- south west - can be used for launching with S, SW and W winds.
- north - can be used for launching with N and, to some extent, NW winds.
Potential landing sites include the south west launch site, the saddle between Straník and Malý Straník and a field in front of the KIA car factory under the hill’s south slope.
The Straník broadcasting mast
On Straník there is broadcasting equipment for television, radio and GSM signals serving the town of Žilina and its surroundings. There are 2 lattice masts on the summit: one 18 m and the other 30 m tall. The broadcast digital and analogue television signals, the Frontinus and Vlna radio stations and signals for mobile phone operators. They cover the town and its immediate surroundings but their signal can also be picked up in Rajec Valley, in Kysuce, the lower Turiec and the Upper Váh region.
The archaeology of Straník
The archaeological site of the Straník hillfort has been a listed cultural heritage monument since 30/12/1967 based on Decision No. 18G/67 of the District National Committee in Žilina, updated in June 1992 under no. UZ : 2147/1 and the unified name Hradisko, a hilltop fortification south-east of the village at an altitude of 769 m a.s.l. Treasure hunters have significantly disturbed the site and many finds have been lost in private collections. The first evidence of early settlement of the site was produced by surveys conducted by A. Petrovský-Sichman in 1947. He gave most of his finds to Professor Budinský-Krička at the Archaeological Institute of the Slovak National Museum in Martin, with whom he had studied archaeology and served as his assistant after graduation. Find report no. 568/51 of 1951 in the Archaeological Institute of the Slovak Academy of Sciences in Nitra reports the excavation of a probe in 1949 in the centre of the rampart with dimensions 0.5 x 2.5 m and a depth of 0.3–0.8 m to the living rock. Fragments of pottery were deposited in the Žilina Museum. There is a report of the find of an Old Slavic potsherd on the hilltop from 1946 (A. Petrovský-Šichman: Slovanské osídlenie severného Slovenska. In: Vlastivedný zborník Považia VI, 1964, p. 73, tab. VII:5). All the other finds from various locations on the hillfort acquired from collections and random gifts date from the Lusatian culture of the young to late Bronze Age or the young to late Iron Age – the late La Tène culture, which is called the Púchov culture in northern Slovakia. The Straník hill fort dominates the eastern part of the Žilina Valley, where there is the most fertile land, especially between Teplička and Varín. A large hillfort was built on the summit of Stranik in the young to late Bronze Age with a massive rampart on the more accessible north slope of the hill. The highest part of the hillfort is a geological fold that resembles a rampart. The northern part of the fold was artificially made into a long platform by breaking off the rock surface. On this platform there is a cultural layer including many potsherds from the late La Tène period. In 1971 the museum in Žilina received new finds of Púchov ceramics from Straník including rim sherds decorated with peripheral grooves on the upper surface and under the ring, which are typical of the late La Tène period. This scenario repeated in subsequent years. The image was very similar – Púchov culture ceramics, sometimes accompanied by older finds from the Lusatian culture. The fortified area of the hillfort measures around 450 x 150 m, which is about 6.7 ha. On the northern and western sides, the rampart is broken by 3-4 gates. When the road for hang gliders was built cutting through the north rampart, ceramics from the young Bronze Age were found inside the body of the rampart, indicating this as the oldest date for the fortification of the hilltop. The massive ramparts of the hillfort on Stranik were probably intended to protect the people of the nearby settlements, which are documented by a relatively large number of finds in nearby villages from the young Stone Age to the high middle ages. Examples include settlements at Gbeľany, Teplička and Varín; cremation burial sites at Gbeľany and Varín. Forts in Belá, Dolní Tižina, Terchová and Varín. Random finds of bronze objects from Teplička found during construction of the dam – a bronze axe, a bronze sickle from the suburb of Prostredný lán, an early Bronze Age bronze axe with bars from Terchová; an iron javelin from Medziholie in Terchová and another from Varín; a ninth-century iron sword from Varín, an iron spear-head found near Vyvieračky in Belá etc. The intensity of settlement is extremely especially in the younger or late Bronze Age and in the late La Tène period. These were the times when the hillfort on Stranik probably served as a central fortress for the eastern part of the Žilina Valley helping the main fortress on Veľký vrch hill at Divinka to organise life in the society of the time. Around this time, massive fortifications were also built at Divinka, which became the central fort for both the Žilina and Bytča valleys because it was situated where they met. The hillfort on Stranik performed its function in two main periods – in the younger to late Bronze Age and then in the late La Tène period, possibly extending into the older Roman period. Although no archaeological research has yet been conducted here, the many finds collected in the area of the fortifications clearly indicate its importance for the oldest villages in the region and there may therefore be reason to believe that its importance extends beyond the region of the northwest Slovakia and that it was rightly entered in the list of important heritage monuments of Slovakia. It would now be difficult to investigate the original composition of the cultural layers after the many years of looting at the site and the frequent disturbance of the original locations of finds. Any disturbance of the layers of a hillfort degrades the quality of the site and impedes the scientific evaluation of the acquired finds. It is no longer enough to pile up find upon find in depositories; a site must be studied in its entirety, including the location of the settlement layers and the items within them.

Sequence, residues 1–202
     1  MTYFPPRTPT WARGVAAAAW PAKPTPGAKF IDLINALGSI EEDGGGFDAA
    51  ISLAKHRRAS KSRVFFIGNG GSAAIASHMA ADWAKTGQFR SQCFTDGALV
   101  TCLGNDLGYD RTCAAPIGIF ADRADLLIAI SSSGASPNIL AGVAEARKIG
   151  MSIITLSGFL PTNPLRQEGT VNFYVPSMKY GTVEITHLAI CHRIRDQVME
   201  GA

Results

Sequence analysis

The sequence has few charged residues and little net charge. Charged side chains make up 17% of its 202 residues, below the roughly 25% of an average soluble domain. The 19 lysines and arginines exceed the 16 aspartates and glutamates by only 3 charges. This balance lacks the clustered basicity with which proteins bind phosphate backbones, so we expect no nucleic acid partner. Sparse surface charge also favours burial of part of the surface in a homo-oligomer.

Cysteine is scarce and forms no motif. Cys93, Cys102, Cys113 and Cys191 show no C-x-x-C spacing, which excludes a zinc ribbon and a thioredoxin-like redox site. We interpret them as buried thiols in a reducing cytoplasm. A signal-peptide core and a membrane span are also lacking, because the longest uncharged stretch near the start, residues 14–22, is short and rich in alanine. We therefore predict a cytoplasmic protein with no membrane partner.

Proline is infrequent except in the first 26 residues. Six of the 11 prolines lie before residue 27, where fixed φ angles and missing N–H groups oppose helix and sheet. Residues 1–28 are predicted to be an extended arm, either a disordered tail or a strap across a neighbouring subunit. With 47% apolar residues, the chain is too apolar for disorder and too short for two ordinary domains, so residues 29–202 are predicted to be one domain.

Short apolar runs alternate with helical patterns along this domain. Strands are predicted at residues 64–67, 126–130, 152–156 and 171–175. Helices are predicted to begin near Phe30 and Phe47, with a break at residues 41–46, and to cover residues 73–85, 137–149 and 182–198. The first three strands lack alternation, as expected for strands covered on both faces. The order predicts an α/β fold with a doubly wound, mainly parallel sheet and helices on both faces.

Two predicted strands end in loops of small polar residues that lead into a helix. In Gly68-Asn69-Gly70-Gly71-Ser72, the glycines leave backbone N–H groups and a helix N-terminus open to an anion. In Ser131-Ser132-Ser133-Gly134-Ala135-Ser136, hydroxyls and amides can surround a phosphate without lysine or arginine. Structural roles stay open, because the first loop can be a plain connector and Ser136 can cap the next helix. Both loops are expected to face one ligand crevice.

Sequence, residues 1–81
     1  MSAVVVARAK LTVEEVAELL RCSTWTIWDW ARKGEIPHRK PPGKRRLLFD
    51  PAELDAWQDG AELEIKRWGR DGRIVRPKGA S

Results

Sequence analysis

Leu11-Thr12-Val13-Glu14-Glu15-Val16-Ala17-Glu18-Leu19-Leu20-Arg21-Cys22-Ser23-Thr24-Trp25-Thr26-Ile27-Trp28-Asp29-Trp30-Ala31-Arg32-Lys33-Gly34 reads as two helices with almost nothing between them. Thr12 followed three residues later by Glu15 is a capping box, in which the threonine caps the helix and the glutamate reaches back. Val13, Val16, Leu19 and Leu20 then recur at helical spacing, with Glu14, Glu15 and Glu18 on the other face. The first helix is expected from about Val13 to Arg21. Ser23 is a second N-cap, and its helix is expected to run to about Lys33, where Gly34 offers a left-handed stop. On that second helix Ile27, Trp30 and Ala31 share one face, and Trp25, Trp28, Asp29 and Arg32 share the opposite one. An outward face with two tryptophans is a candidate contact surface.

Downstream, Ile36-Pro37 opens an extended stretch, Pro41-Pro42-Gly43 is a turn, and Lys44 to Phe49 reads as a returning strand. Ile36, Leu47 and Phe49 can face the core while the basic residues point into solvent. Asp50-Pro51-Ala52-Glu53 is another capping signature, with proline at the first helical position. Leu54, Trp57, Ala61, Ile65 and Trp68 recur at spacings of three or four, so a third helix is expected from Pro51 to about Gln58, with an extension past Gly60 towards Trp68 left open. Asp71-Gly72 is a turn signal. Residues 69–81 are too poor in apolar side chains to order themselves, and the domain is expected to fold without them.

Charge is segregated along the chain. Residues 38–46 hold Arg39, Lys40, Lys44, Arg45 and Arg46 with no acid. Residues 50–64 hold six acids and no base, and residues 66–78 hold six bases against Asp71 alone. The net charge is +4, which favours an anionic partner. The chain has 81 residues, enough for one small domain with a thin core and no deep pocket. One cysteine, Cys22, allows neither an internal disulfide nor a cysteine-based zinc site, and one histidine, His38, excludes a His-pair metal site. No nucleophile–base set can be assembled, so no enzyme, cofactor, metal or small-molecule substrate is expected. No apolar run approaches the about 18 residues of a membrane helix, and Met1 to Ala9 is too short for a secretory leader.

Pic. 1, 2, 3 - Walkway and shelter on Straník. Source: OOCR Malá Fatra